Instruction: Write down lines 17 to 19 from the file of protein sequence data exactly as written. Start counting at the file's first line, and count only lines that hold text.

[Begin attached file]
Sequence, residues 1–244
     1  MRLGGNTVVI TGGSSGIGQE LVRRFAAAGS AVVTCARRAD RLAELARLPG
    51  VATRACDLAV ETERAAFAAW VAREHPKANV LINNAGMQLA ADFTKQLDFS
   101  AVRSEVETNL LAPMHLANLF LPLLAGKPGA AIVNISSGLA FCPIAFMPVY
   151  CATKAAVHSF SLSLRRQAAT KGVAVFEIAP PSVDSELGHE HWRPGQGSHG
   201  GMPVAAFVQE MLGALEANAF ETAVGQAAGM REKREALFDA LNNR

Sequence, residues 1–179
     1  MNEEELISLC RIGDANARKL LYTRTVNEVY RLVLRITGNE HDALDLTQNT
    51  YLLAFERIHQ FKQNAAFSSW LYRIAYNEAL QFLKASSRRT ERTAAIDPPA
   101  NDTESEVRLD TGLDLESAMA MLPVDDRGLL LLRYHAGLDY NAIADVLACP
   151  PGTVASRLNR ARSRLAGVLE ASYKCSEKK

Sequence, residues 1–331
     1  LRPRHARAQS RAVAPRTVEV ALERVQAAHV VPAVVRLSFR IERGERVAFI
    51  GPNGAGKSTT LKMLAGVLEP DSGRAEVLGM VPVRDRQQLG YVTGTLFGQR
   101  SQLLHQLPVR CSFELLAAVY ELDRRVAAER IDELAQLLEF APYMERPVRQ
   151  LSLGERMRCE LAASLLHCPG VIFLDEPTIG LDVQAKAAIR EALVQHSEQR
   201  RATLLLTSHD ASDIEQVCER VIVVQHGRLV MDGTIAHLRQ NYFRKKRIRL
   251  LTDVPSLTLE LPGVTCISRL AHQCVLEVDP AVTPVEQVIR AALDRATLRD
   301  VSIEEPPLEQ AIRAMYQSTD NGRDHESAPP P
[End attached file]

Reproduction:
   201  RATLLLTSHD ASDIEQVCER VIVVQHGRLV MDGTIAHLRQ NYFRKKRIRL
   251  LTDVPSLTLE LPGVTCISRL AHQCVLEVDP AVTPVEQVIR AALDRATLRD
   301  VSIEEPPLEQ AIRAMYQSTD NGRDHESAPP P